County soil and water conservation districts can apply for the program on behalf of eligible farmers. Each proposal has a maximum award of $385,000, which includes funding for engineering and construction expenses.

Grant awards will be announced by mid-December. An additional $15 million will be available in both 2018 and 2019. Further information and online applications can be found by visiting

"Agriculture and our rivers and lakes are critical economic drivers in the North Country. This program will benefit our farmers and our environment," Assemblywoman Jenne stressed.

Friday, October 6, 2017

Assemblywoman Jenne: No place for demeaning name calling in North Country campaigns

Assemblywoman Addie A.E. Jenne (D-Theresa) says there is no place in politics for the demeaning comments a Democratic candidate for Congress has made about Congresswoman Elise Stefanik.

"You can disagree with her politics and question her motivation, her record and her ties to the 21st Congressional District. But this demeaning name calling - and that is exactly what this is - is unbecoming for someone seeking to serve our region and nation in Congress," she said.

"It's ironic and unacceptable a candidate would use these demeaning words to describe a female elected official in the same year we are celebrating the 100th anniversary of a woman's right to vote in New York State," Assemblywoman Jenne added.

Congressional candidate Steve Krieg of Plattsburgh had referred to Congresswoman as a "little girl" in a Facebook post and doubled down on those comments at a Congressional forum this week in Canton.

The Congressional candidate raised the issue of his Facebook post when asked to distinguish himself from the other candidates in the field running to represent the North Country in the House of Representatives.

“I have been accused of being a sexist for calling Elise a little girl. And I probably deserve to be called a sexist. I think most of us if we admit it have some some of sexist in us, have some of the racist in us. It’s something if we’re decent people we recognize in ourselves and we struggle with it all of our lives,” he responded.

“But Elise, I recognize her as ... I’m not going to say a little girl. I recognize her as a child. And it has nothing to do with her age. I see her as a child because she’s a child. She thinks like a child. She has people set things up for her, she has people put their words in her mouth and she happily repeats them. And I think recognizing her, I would go after her in that way. And I apologize if that’s mean but that’s how I would do it,” he added.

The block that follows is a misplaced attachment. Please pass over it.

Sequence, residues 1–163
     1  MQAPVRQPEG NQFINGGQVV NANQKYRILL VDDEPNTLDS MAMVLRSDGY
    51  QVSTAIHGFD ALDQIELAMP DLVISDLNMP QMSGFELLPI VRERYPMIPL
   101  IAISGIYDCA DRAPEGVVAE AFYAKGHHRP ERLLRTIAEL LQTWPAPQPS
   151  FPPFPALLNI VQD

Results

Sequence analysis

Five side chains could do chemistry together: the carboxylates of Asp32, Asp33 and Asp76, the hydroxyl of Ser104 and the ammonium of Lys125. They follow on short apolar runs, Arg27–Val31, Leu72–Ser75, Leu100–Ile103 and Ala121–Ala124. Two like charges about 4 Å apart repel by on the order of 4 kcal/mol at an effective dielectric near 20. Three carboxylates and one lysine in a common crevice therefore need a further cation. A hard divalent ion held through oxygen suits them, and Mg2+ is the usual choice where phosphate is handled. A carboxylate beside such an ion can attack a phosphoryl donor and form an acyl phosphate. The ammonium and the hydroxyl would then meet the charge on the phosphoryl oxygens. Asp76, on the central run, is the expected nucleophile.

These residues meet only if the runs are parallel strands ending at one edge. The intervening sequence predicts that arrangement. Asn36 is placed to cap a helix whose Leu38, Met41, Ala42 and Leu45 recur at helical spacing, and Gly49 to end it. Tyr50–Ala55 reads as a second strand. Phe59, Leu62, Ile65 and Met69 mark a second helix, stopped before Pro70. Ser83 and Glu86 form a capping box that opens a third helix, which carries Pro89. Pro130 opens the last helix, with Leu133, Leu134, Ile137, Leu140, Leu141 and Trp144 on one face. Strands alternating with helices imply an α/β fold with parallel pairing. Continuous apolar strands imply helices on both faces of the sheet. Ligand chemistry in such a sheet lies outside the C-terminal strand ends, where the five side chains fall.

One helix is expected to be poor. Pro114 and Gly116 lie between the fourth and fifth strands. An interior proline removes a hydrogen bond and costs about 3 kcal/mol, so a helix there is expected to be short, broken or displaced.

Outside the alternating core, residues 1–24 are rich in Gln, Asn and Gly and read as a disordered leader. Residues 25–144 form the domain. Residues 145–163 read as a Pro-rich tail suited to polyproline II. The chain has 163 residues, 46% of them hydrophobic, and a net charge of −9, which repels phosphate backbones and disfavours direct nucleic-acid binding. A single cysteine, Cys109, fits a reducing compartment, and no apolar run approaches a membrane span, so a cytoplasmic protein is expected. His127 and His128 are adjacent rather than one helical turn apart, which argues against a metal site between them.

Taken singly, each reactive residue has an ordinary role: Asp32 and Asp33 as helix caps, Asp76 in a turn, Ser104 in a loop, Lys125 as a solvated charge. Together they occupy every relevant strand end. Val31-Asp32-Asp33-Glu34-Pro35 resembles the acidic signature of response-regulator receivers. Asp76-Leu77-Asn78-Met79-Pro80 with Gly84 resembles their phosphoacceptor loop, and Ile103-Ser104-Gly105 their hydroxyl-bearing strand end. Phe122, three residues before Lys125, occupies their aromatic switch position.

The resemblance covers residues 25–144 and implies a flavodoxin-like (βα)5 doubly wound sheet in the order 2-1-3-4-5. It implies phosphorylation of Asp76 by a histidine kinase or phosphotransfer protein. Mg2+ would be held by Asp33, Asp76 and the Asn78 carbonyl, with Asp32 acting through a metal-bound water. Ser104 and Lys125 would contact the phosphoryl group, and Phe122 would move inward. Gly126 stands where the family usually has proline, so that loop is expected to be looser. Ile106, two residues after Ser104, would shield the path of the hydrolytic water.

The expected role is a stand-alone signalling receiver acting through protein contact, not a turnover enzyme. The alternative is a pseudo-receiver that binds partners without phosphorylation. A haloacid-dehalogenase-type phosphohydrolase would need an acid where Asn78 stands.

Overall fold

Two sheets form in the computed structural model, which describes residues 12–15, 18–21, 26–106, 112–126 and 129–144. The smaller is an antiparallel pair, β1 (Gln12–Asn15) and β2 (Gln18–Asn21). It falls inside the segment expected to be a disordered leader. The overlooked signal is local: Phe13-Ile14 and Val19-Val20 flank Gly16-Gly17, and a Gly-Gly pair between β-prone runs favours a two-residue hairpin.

Assemblywoman Jenne said there are a number of significant issues facing the North Country from health care to national security and that needs to be the focus of races for public office.

"I have been disappointed by the political discourse at the national level for the past several months, and I think we need to stand up when candidates inject sexist or racist language into the conversation about a candidate's fitness for office here in the North Country," Assemblywoman Jenne said.

Thursday, November 10, 2016

Assemblywoman Russell working on funding for recreation, security initiatives in Massena

Assemblywoman Addie Jenne Russell has committed to secure $250,000 to assist village officials make improvements to recreational facilities in the community and purchase vehicles and equipment for public safety departments.

"Massena has some serious issues going on now. They are battling a serious drug problem in their community as well as the closure and downsizing of manufacturing plants that had served as the economic engine for much of the last 50 years," Assemblywoman Russell said.

She said she has been working with Massena community leaders for the past several months on a variety of community initiatives.

"I visited with Mayor Timmy Currier, and we talked about some of the village's current needs and the vision for its future," she said.

"This funding, much like the $250,000 I was previously able to secure for the Boys and Girls Club of Massena, is aimed at assisting village officials and other community leaders address some of the social issues challenging Massena," the assemblywoman noted.